What features does your ideal living space have, and why?
My ideal living space would have a library full of books of all genres and times. It would be sparse otherwise but I would love places of colour and excitement. Somehow it would need to combine novelty and adventure; with safety, love, company, challenge, and solitude. I love travel and newness, but with enough security that I can feel safe even within the unknown. Organised chaos, is perhaps how I would best describe my ideal living arrangement. I think the setup would be something very sparse, like a motorhome or even just a bag; but then I would have some kind of safe and constant space too, for down time. I have ADHD as well as being autistic, and sparseness works best for my busy mind.
What are your favorite books, movies, and/or TV shows?
My favourite book series is The Best Australian Essays project. I gravitate toward gutsy writing and narratives in which people deliberately push through the social expectation that we should all be pleasant and appropriate. I think this is why I love the essays — written by people who speak up and talk in depth about topics that most people don’t want to think about. I also really enjoy the older works of Western philosophers and the wisdom of Indigenous people. My favourite film is Strictly Ballroom and I like social documentaries. I am also a massive Tim Winton fan.
What autistic experiences would you like to see more of, when it comes to storytelling efforts like books, movies, and/or TV shows?
I think, to put it simply, that actual autistic experience is what we should see more of; rather than what autistic experience looks like to a non-autistic person observing them, and rather than what other people think about autistic experience. It seems like about time that we acknowledge things from the perspective of autistic people, as opposed to the perspective of everyone but them.
What are some things you’d like the media and other people to stop saying about autistic people?
I’d like society in general to stop thinking that observing autism from the outside, is any way to accurately learn about it. Whose idea was it to sit and watch autistic people, making notes in a clinical setting, rather than actually asking autistic people what it felt like to be them? Western Science is not as impartial as it believes itself to be. I’d love for society to stop viewing autism in terms of “behaviours” and to instead see autism as an entire means of life. I’d love for outsiders to stop instantly and intuitively attributing motivations to actions — the autistic person can state their own motivations and NT assumptions are usually wrong.
Some phrases I think should disappear in reference to autism (unless these ideas are being challenged or discussed in depth):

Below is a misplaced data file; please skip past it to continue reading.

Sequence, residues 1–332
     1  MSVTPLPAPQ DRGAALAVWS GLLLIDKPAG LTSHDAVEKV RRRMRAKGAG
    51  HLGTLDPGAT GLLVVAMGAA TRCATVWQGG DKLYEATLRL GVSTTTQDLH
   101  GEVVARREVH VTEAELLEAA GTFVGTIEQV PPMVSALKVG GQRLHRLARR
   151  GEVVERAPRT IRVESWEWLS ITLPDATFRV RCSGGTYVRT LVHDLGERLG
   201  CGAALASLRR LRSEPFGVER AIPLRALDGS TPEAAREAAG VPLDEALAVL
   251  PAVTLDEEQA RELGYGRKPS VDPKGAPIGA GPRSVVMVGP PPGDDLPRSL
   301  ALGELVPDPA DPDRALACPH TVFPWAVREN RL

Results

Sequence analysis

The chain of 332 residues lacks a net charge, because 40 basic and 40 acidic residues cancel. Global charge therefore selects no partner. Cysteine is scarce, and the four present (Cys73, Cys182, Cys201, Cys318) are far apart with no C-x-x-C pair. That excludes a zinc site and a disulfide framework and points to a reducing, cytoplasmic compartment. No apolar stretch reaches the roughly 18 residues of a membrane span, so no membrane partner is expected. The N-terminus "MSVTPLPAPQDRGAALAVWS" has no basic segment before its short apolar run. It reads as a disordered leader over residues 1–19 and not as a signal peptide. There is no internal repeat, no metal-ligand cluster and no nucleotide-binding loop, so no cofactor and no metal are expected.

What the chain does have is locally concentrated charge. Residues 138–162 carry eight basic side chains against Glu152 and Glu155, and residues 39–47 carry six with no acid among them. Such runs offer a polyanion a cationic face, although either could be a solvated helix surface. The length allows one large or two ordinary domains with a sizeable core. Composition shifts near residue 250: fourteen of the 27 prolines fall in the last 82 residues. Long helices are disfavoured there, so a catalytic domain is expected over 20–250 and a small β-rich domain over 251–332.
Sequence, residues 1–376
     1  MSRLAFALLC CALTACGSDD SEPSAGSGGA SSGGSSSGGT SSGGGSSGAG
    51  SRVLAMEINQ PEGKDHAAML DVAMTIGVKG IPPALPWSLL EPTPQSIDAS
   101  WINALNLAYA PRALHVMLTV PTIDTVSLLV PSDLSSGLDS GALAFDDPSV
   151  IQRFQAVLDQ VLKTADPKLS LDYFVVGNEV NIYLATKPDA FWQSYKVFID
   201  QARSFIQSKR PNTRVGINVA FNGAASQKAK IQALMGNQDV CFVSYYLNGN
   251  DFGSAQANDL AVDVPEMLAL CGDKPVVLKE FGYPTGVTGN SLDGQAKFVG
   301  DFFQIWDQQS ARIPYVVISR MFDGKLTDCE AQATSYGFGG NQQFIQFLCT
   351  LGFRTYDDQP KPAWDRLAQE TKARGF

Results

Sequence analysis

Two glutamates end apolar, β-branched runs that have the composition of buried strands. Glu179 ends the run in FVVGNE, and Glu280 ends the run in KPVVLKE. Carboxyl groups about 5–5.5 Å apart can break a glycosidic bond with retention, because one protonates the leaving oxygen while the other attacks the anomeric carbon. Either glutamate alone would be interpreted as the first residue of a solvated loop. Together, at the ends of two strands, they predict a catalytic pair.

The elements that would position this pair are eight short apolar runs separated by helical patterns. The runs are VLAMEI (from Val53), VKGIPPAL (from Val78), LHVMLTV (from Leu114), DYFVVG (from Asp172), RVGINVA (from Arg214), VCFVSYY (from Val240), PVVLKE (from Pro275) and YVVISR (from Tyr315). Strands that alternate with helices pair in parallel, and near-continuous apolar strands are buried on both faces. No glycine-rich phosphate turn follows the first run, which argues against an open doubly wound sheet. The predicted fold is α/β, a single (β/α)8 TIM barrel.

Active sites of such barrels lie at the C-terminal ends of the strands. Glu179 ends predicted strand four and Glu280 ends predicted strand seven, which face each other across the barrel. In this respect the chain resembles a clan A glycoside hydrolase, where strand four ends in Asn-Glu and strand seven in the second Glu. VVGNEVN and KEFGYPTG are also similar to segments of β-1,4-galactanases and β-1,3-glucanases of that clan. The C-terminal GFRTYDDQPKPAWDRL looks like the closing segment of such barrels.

- “black and white thinking”
- “mental age”
- “emotionally deficient” or “have trouble feeling emotion” or similar.
- “cannot see things from the perspective of others”
- “behavioural training”
- “indistinguishable from peers”
I would like to see a base respect for autistic people, any time autism is mentioned. That would involve all of us being mindful every time we speak, and it would involve the NT population to start to think of things from the autistic perspective instead of from the dominant NT perspective that is so normal in present time.
If you could change one thing to make the world more friendly to autistic people, what would it be?
I would love for autistic people, of all ages, to be able to communicate that something is wrong or that they do not like something — and to have that respected and listened to. In my own home, my children tell me what bothers them and they tell me what is going on with them. People often express disbelief that I know what is going on with them; however, it was them who told me and not something I did that was somehow clever or amazing!
It seems that this idea of actually listening to autistic people and believing that they have valuable things to say, is radical in itself. I think it would be great to see all autistic children and teens and adults, given this same chance and then having their words respected. Too often, we just do not get listened to when we communicate things that are vastly important to our well-being and happiness and coping abilities. Whatever means we choose to communicate, we have not been listened to in the past, and that is what I would like to change most of all. We know ourselves better than anyone; and it is a very dangerous thing for outsiders to believe that they know us better than we know ourselves. We are capable! With the increase in communication options for autistic people, this is now more possible a dream than any other time in modern history.